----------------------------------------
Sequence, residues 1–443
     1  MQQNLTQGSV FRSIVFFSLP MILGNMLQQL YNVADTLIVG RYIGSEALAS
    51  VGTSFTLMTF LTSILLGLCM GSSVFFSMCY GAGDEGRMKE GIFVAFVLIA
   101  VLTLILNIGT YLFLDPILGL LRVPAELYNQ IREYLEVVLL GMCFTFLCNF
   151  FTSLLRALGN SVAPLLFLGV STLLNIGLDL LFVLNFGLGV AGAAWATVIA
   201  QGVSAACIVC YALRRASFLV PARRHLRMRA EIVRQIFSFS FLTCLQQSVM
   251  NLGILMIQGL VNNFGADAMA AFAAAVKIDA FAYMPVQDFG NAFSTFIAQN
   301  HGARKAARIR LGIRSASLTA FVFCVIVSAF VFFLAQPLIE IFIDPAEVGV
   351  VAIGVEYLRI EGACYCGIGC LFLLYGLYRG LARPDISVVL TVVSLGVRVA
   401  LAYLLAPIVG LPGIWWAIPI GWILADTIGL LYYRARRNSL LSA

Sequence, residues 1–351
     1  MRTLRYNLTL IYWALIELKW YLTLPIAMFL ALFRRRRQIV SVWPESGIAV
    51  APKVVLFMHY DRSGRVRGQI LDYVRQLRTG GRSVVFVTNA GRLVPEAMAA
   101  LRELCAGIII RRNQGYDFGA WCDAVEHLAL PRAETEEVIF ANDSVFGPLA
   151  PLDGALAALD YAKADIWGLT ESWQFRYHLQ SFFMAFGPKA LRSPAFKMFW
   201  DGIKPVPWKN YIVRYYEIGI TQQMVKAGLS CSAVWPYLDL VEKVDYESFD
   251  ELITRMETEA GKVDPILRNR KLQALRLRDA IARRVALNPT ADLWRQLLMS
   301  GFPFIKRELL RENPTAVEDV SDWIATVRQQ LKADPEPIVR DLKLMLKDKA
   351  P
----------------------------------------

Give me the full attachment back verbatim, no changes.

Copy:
Sequence, residues 1–443
     1  MQQNLTQGSV FRSIVFFSLP MILGNMLQQL YNVADTLIVG RYIGSEALAS
    51  VGTSFTLMTF LTSILLGLCM GSSVFFSMCY GAGDEGRMKE GIFVAFVLIA
   101  VLTLILNIGT YLFLDPILGL LRVPAELYNQ IREYLEVVLL GMCFTFLCNF
   151  FTSLLRALGN SVAPLLFLGV STLLNIGLDL LFVLNFGLGV AGAAWATVIA
   201  QGVSAACIVC YALRRASFLV PARRHLRMRA EIVRQIFSFS FLTCLQQSVM
   251  NLGILMIQGL VNNFGADAMA AFAAAVKIDA FAYMPVQDFG NAFSTFIAQN
   301  HGARKAARIR LGIRSASLTA FVFCVIVSAF VFFLAQPLIE IFIDPAEVGV
   351  VAIGVEYLRI EGACYCGIGC LFLLYGLYRG LARPDISVVL TVVSLGVRVA
   401  LAYLLAPIVG LPGIWWAIPI GWILADTIGL LYYRARRNSL LSA

Sequence, residues 1–351
     1  MRTLRYNLTL IYWALIELKW YLTLPIAMFL ALFRRRRQIV SVWPESGIAV
    51  APKVVLFMHY DRSGRVRGQI LDYVRQLRTG GRSVVFVTNA GRLVPEAMAA
   101  LRELCAGIII RRNQGYDFGA WCDAVEHLAL PRAETEEVIF ANDSVFGPLA
   151  PLDGALAALD YAKADIWGLT ESWQFRYHLQ SFFMAFGPKA LRSPAFKMFW
   201  DGIKPVPWKN YIVRYYEIGI TQQMVKAGLS CSAVWPYLDL VEKVDYESFD
   251  ELITRMETEA GKVDPILRNR KLQALRLRDA IARRVALNPT ADLWRQLLMS
   301  GFPFIKRELL RENPTAVEDV SDWIATVRQQ LKADPEPIVR DLKLMLKDKA
   351  P